Every so often, "one" comes across a happy accident in the garden: maybe two plants, which make an unexpectedly good contrast, or which go surprisingly well together.
Or a hitherto unseen combination of light, shade, and plants: sometimes only for a fleeting moment.
Here's one I encountered one September morning, a couple of years back: it was early in the morning, the sun was shining through the Mulberry branches, and the previous week, I had used my last ten minutes at work in this garden, to do a bit of Honesty-stripping.
Annual Honesty - Lunaria annua - is a plant which we don't grow for the purple flowers which it produces in summer: we grow it for the amazing seed pods which follow the flowers, appearing in September.
Many people who grow this plant don't realise that the trick is to gently feel away the ugly brown outer layer of the seed pods, to reveal the white, silk-like inner membrane.
That is the part which looks so spectacular.
There are many ways to do it: you can gently rub them between finger and thumb, or you can gently bend back the tip, then peel off the outer layers: I've even seen people shake the plant vigorously - as I say, there are many ways.
But the result is wonderful, and you can see why one common name for this plant is Silver Dollar Plant.
Oh, I should mention that the flowers are normally purple, but there is a variegated version, whose foliage is a very interesting green-and-white:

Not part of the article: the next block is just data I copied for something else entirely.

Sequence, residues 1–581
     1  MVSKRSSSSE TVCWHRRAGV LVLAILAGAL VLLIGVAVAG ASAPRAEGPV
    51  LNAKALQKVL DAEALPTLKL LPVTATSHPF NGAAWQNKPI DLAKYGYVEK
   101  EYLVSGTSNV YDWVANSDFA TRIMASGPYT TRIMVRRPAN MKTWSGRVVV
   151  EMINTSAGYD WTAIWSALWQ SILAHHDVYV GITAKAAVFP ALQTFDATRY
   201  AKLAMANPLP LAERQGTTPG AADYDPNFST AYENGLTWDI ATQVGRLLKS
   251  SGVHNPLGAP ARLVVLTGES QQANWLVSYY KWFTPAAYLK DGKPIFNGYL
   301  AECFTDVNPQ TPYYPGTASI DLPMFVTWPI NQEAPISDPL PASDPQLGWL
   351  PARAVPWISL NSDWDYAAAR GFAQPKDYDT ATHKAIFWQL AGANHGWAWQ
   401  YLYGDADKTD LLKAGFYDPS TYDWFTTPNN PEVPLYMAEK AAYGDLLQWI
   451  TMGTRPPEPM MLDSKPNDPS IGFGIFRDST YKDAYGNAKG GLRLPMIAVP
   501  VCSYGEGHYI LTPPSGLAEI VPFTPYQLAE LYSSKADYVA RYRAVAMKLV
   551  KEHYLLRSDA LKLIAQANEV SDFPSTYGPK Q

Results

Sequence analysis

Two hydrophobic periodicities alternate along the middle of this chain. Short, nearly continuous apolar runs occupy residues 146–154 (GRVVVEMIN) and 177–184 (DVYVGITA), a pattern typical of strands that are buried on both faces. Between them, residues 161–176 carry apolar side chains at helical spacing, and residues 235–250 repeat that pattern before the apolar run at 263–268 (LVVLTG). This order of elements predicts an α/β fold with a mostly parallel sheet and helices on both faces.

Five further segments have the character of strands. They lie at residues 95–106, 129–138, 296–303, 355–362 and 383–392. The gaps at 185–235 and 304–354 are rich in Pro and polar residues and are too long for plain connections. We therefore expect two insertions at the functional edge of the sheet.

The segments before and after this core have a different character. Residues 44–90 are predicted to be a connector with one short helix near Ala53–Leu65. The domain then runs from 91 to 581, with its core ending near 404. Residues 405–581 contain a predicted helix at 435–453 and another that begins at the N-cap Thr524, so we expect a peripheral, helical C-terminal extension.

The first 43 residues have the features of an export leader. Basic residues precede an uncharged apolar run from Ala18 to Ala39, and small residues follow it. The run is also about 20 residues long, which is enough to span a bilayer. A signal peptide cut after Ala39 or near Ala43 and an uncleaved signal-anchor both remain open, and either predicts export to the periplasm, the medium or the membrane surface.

...and this one has white flowers.
The seed pods are just as glorious, but in my experience, it's not as long-lived as plain green Honesty, and it does not seem to be as prolific a self-seeder.
However, for foliage like this - right - I'm prepared to do a bit of cosseting!
Both the variegated and the plain green Honesty are often described as an annual, but it's actually a biennial: that means that the first year, you get a rosette of foliage, but no flowers: the second year you get the flowers. And the seeds.
So the first time that you introduce Honesty into your garden, you'll have a lovely show of flowers, but the following year might appear to be a bit disappointing, with no sign of new ones.
However, the next year, you'll have masses of them! And for every year thereafter, because not all the seeds will germinate, the first year they fall, so it very quickly breaks the two-year barrier.
To recreate this sort of effect, look around your garden for a position where the late September sunlight falls across the back of a bed - somewhere you can see through. An island bed is a great place - or maybe the western edge of your garden, if you don't have solid fences on that side.
Then all you have to do is buy a couple of plants or - better - ask your friends and neighbours if anyone has some seed. Scatter the seed, be a bit casual with your weeding next summer, and the year after, you'll have this, to look at!
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